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TransferWise

TransferWise wants to be the Skype of currency exchange

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TransferWise launches its online currency exchange today, which hopes to give the banks a run for their money, along with disrupting the consumer-end of the money exchange market as a whole. The headline proposition is that the platform gives anyone access to the same mid-market exchange rates that banks get on their interbank market, with TransferWise charging a flat fee of £1 for each transaction regardless of the amount being exchanged. That’s potentially a big deal.

But what’s equally notable is the company’s founders, which includes Skype employee number one Taavet Hinrikus.

He spent 7 years at the VoIP company, most recently as Director of Strategy, as well as being an Angel investor in a number of other prominent and upcoming startups including TweetDeck, Mendeley, wikimart.ru, and blip.tv. TransferWise’s other founder is Kristo Käärmann who has a direct financial services background with Deloitte and PricewaterhouseCoopers.

Naturally, Hinrikus says he wants TransferWise to “do to currency exchange what Skype did to telecommunications.” It’s a nice line but in this case there appears to be meat on the bone. Traditionally, consumers pay between 3-6% for foreign currency payments at through their bank. In other markets that have moved online, cutting out the middle person (for the most part) has “brought down costs almost everywhere you look”, notes Hinrikus.

To that end, TransferWise, which is licensed by the UK Financial Services Authority (registered as Exchange Solutions Ltd.), facilitates money transfers at “global mid-market rates” as reported by Bloomberg, XE and others. It does this by matching those that need to convert money each way – peer to peer, if you will, or several people – although the transfer is to and from TransferWise. At launch, the company enables exchanges between the British Pound and Euro, with more currencies to follow.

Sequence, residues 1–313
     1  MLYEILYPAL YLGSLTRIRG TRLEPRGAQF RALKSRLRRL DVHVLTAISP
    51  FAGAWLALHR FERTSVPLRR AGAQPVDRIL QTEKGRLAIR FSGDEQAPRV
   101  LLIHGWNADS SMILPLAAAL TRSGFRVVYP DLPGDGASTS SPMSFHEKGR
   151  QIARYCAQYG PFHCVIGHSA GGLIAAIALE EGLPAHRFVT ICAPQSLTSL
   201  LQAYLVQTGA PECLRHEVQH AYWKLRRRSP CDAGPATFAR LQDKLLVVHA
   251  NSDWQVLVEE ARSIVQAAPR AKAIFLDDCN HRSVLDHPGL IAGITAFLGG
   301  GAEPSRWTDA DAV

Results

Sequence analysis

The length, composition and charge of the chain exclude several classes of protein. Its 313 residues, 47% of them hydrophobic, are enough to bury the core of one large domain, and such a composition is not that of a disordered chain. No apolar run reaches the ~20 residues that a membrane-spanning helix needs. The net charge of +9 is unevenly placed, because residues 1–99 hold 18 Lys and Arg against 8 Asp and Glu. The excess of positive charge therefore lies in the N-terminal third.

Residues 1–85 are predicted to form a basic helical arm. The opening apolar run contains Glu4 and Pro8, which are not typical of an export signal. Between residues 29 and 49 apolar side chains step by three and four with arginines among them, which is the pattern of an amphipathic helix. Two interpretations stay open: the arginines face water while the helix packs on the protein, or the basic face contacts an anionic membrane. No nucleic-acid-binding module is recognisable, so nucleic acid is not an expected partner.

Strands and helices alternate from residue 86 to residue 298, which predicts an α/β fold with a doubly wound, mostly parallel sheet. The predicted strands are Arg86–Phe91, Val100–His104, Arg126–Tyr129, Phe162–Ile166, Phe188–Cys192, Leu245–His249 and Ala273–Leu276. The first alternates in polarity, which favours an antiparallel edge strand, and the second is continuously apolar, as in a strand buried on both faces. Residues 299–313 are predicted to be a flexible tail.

TransferWise’s direct and indirect competitors include Moneybookers and PayPal at the low-end, or for larger amounts currency brokers like HiFX, as well as other upstarts such as CurrencyFair, and the banks of course. The company remains self-funded by Hinrikus and Käärmann.

  • zero

    ok that is almost 100% the ubuntu logo… (http://answer2me.com/wp-content/uploads/2009/10/ubuntu-logo.gif)

    • http://twitter.com/transferwise TransferWise

      Thanks for pointing this out – indeed there is some similarity with Ubuntu logo. We had not see Ubuntu logo before. I’m glad that we are in different businesses, so this should not be a problem to anyone.

      • http://paulgailey.com Paul Gailey

        bit a favicon mismatch to your logo also. – this service looks very appealing, just wish i’d known about it a few days ago!

  • William D

    Looks interesting! I am paid in Euros, but still have costs coming frmo my UK bank account in sterling. It would be nice, for once, not to be scammed by the banks!

  • Chris

    This is a great idea. One of those I can’t believe this hasn’t been done before moments.

    • Critters3849

      Yes, and its also a great rip-off of the Ubuntu logo, see:

      • http://www.oddities.us Oddities.Us

        Lol! Same thing that came over my mind upon seeing the logo!

        http://www.oddities.us

  • http://topsy.com/eu.techcrunch.com/2011/01/24/transferwise-wants-to-be-the-skype-of-currency-exchange/?utm_source=pingback&utm_campaign=L2 Tweets that mention TransferWise wants to be the Skype of currency exchange -- Topsy.com

    […] This post was mentioned on Twitter by TechCrunch, TechCrunch Europe, Pinittanon Chalinee, genx_walt, Werasak S. and others. Werasak S. said: RT @TechCrunch: Skype Employee Number One Launches TransferWise To Disrupt Currency Exchange http://tcrn.ch/e4itwa by @sohear […]

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  • http://jetlib.com/news/2011/01/24/skype-employee-number-one-launches-transferwise-to-disrupt-currency-exchange/ Skype Employee Number One Launches TransferWise To Disrupt Currency Exchange | JetLib News

    […] Read the rest of this entry » […]

  • http://twitter.com/markstanley Mark Stanley